Beijing, China (CNN)Chinese contemporary artist Zeng Fanzhi made headlines in 2013 when his work, "The Last Supper" (2001), sold at a Sotheby's auction for $23.3 million ($180.4 HK million).
The man behind China's million-dollar masks cares about art, not auctions
Such a momentous sale could be considered a defining moment of 'success' in any artist's career -- but not for the introspective 52-year-old.
"I didn't want viewers to think about auctions, price, and things less related to art," says Zeng. "The secondary market is too excessive."
UCCA director, Philip Tinari, who co-curated the exhibition, agrees.
"One thing we are trying to accomplish with this show is to give a sense of this artist beyond the discussion around the market for his works," he says.
"I think on a certain level, people are always impressed and amazed that these objects made in real time can take on these immense values and that's a piece of the story. But it's just one piece, and it's a piece that's not in direct relation to what the artist is doing."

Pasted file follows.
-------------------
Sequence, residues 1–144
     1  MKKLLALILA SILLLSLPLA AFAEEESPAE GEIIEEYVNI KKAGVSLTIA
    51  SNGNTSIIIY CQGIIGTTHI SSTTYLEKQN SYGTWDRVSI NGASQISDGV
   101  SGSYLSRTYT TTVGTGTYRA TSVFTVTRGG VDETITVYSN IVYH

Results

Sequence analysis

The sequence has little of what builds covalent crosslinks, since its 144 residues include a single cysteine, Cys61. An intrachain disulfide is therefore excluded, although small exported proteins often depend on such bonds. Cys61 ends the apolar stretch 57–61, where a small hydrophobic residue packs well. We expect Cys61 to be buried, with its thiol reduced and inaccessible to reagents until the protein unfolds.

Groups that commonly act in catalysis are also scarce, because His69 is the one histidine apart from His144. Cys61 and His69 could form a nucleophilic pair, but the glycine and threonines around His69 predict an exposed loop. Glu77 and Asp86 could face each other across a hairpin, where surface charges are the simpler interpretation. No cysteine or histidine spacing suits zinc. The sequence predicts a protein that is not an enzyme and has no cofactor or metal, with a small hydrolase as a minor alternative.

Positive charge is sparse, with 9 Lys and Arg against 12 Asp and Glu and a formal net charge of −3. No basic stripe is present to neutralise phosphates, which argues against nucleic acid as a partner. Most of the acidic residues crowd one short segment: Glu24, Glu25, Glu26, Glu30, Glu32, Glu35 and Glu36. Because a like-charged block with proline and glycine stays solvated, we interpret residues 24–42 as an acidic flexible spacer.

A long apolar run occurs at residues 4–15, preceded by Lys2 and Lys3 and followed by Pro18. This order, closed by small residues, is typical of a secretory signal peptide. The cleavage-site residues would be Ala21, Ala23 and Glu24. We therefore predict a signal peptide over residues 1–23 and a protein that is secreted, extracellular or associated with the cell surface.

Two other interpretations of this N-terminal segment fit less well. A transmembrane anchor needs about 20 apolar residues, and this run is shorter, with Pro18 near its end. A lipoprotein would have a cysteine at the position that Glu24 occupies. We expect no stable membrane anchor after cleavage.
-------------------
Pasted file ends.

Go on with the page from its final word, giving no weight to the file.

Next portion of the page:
Comprising nearly sixty works borrowed from collections around the world, "Zeng Fanzhi: Parcours" showcases three decades of Zeng's remarkable career -- from his famous mask series paintings of the 1990s to a new series of exquisite handmade paper works finished just before the exhibition's opening.
The works, which span five distinct periods of Zeng's prolific career, are presented in a simple, light-filled space designed by the artist's longtime collaborator, Japanese architect Tadao Ando.
"Together the show is a portrait of him [Zeng Fanzhi] as an artist," explains Tinari, one that has "continuously reinvented himself, throughout his career."
Zeng Fanzhi: Parcours is currently on show at the Ullens Center for Contemporary Art (UCCA) in Beijing.